logical_value2; … = Optional. The rest of the logical values to evaluate. It can be a condition, the important thing is that the result has to be a logical value (TRUE or FALSE)

**Understanding the IF function**

**The IF function allows us to evaluate conditions in a cell or selection of cells.** These conditions can be with arguments that are in text or numeric format. The only thing to remember is that if we are dealing with an argument in text format we must write it between quotes (“”). Also very common are logical operators (>,<,=,etc).

In the following example we want to see if people have a salary greater than $100:

How we can see the arguments of the IF function are as follows:

logic_test = C3>$100

value_if_true = Yes

value_if_false = No

So the function will evaluate the argument found in the “Salary” column and see if it corresponds to a value greater than $100. If it is, the function will understand the logical test as “TRUE”, in which case it will return the word “Yes”. If it is not, it will understand it as a “FALSE” and will deliver the word “No”. In this way the results are the following:

Let's see what happens if we want to include text in the condition as well. Let's assume that now in the example we want to give a bonus to people with a salary less than or equal to $100:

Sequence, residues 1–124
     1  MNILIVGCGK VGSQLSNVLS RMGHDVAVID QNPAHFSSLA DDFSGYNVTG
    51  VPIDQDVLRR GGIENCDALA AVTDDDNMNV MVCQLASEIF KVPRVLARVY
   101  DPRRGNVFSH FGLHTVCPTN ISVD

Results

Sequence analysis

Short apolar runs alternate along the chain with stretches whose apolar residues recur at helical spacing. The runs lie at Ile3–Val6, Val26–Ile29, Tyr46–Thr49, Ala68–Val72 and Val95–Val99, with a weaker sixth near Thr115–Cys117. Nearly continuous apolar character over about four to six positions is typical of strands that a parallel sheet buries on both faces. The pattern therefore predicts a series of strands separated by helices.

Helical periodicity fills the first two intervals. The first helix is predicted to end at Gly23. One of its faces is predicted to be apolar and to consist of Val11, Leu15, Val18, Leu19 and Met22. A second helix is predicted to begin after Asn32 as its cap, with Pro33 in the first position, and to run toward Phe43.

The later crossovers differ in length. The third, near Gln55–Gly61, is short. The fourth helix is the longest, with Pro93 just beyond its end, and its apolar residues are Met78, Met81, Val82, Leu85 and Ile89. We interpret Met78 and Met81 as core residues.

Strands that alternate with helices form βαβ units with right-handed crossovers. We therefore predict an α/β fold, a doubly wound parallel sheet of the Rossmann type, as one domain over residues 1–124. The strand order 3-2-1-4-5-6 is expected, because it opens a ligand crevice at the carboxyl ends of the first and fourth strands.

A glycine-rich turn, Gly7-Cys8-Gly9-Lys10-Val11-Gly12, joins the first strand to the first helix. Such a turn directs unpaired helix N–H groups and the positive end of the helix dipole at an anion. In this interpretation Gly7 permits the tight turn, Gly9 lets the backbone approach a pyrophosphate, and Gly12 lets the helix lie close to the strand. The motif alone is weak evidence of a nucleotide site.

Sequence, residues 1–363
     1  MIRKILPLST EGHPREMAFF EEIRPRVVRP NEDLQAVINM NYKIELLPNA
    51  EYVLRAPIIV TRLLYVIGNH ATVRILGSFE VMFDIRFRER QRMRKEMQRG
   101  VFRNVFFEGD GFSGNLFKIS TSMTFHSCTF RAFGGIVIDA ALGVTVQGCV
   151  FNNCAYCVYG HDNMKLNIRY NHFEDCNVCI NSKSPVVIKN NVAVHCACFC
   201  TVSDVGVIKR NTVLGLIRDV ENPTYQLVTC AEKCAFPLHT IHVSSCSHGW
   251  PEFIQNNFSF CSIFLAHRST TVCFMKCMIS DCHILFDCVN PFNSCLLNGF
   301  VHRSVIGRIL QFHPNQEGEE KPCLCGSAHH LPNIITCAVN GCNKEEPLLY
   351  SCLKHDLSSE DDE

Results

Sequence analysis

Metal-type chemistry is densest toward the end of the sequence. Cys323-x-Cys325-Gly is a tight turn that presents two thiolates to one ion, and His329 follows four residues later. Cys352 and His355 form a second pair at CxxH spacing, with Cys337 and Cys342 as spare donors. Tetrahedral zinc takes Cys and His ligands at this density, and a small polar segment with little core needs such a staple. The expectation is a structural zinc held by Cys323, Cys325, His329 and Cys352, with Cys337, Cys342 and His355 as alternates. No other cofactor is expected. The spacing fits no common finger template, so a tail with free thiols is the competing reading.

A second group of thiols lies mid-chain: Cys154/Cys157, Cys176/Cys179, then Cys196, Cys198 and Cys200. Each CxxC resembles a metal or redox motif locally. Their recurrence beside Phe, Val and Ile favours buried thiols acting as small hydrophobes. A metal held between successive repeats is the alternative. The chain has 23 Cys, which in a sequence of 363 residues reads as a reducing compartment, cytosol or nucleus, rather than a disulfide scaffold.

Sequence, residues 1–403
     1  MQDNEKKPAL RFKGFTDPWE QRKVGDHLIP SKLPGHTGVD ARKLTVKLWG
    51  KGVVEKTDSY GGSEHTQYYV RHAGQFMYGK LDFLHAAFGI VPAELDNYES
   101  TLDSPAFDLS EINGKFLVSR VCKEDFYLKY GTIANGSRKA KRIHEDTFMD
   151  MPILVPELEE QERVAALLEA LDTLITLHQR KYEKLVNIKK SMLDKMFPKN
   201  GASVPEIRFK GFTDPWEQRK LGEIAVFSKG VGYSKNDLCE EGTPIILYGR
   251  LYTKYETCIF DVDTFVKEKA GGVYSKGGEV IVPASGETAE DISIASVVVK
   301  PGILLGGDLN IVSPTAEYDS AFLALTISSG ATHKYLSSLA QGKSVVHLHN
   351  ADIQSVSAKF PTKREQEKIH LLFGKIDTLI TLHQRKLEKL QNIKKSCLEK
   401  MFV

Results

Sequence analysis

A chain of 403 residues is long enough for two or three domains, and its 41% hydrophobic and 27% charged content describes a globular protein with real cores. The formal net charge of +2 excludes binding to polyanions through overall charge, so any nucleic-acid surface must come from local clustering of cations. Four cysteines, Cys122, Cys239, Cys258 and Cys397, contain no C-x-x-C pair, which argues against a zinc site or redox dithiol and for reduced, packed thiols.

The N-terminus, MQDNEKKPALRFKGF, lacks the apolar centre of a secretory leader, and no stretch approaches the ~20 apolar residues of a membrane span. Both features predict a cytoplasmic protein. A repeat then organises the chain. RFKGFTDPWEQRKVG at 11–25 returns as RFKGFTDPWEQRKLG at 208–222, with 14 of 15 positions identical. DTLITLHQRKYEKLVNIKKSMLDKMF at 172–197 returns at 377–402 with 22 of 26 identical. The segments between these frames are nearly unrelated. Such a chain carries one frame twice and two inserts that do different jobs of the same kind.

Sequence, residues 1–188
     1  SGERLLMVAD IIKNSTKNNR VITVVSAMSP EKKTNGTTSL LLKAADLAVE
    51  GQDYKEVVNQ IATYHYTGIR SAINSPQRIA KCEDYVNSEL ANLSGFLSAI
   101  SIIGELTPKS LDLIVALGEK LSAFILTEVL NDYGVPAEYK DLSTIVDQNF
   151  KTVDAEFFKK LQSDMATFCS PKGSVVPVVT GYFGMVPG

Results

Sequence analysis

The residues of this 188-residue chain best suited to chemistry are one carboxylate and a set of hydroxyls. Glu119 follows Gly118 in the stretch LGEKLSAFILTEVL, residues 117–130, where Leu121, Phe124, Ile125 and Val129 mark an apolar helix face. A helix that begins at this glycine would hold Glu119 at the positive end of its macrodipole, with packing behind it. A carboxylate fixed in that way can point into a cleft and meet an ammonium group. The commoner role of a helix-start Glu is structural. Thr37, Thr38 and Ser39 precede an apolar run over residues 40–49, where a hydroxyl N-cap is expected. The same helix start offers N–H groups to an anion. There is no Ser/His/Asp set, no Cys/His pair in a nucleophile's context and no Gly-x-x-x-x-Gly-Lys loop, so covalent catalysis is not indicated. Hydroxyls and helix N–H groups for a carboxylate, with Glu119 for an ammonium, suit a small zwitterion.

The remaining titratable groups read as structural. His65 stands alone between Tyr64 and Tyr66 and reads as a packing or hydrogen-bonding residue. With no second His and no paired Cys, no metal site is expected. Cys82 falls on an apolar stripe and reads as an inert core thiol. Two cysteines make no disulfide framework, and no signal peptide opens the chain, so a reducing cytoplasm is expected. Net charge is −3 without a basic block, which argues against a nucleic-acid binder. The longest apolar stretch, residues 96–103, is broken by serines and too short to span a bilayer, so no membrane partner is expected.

Now the condition is that the column “Salary greater than $100? be equal to “No”. When it is met, the word “Bonus” appears in the “Complement” column, while when it is not met this cell remains blank:

**Understanding the Y function**

**Excel's AND function will help us know if different cells or conditions are all true (in logical value). **To understand this, let's look at the following example, where we want to know if all the people are over 18 years old:

In this case, in the column “Are you over 18 years old? We only leave a logical test, which corresponds to seeing if the cell to its left corresponds to a number greater than 18. In this way, the result can only be “TRUE” or “FALSE” which correspond to logical values: